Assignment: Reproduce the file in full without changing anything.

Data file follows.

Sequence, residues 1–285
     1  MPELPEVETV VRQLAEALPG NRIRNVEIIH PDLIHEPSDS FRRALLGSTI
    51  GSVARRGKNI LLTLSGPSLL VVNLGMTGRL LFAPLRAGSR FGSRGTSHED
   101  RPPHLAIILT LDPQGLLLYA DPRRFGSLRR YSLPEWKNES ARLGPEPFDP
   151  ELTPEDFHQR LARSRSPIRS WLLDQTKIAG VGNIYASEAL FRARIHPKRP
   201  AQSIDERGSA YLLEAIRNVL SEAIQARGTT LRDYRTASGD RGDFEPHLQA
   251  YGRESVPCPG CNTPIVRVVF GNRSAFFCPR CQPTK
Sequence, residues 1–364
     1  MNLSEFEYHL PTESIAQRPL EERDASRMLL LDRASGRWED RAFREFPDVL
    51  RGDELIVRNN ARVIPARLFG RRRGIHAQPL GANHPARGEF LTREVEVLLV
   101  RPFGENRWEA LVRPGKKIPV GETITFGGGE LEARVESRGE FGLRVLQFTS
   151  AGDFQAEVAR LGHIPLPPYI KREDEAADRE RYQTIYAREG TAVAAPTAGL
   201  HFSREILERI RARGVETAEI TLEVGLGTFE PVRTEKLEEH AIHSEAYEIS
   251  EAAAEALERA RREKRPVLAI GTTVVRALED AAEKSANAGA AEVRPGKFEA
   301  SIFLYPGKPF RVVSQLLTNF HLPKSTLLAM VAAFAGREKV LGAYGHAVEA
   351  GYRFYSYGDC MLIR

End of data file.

Sequence, residues 1–285
     1  MPELPEVETV VRQLAEALPG NRIRNVEIIH PDLIHEPSDS FRRALLGSTI
    51  GSVARRGKNI LLTLSGPSLL VVNLGMTGRL LFAPLRAGSR FGSRGTSHED
   101  RPPHLAIILT LDPQGLLLYA DPRRFGSLRR YSLPEWKNES ARLGPEPFDP
   151  ELTPEDFHQR LARSRSPIRS WLLDQTKIAG VGNIYASEAL FRARIHPKRP
   201  AQSIDERGSA YLLEAIRNVL SEAIQARGTT LRDYRTASGD RGDFEPHLQA
   251  YGRESVPCPG CNTPIVRVVF GNRSAFFCPR CQPTK
Sequence, residues 1–364
     1  MNLSEFEYHL PTESIAQRPL EERDASRMLL LDRASGRWED RAFREFPDVL
    51  RGDELIVRNN ARVIPARLFG RRRGIHAQPL GANHPARGEF LTREVEVLLV
   101  RPFGENRWEA LVRPGKKIPV GETITFGGGE LEARVESRGE FGLRVLQFTS
   151  AGDFQAEVAR LGHIPLPPYI KREDEAADRE RYQTIYAREG TAVAAPTAGL
   201  HFSREILERI RARGVETAEI TLEVGLGTFE PVRTEKLEEH AIHSEAYEIS
   251  EAAAEALERA RREKRPVLAI GTTVVRALED AAEKSANAGA AEVRPGKFEA
   301  SIFLYPGKPF RVVSQLLTNF HLPKSTLLAM VAAFAGREKV LGAYGHAVEA
   351  GYRFYSYGDC MLIR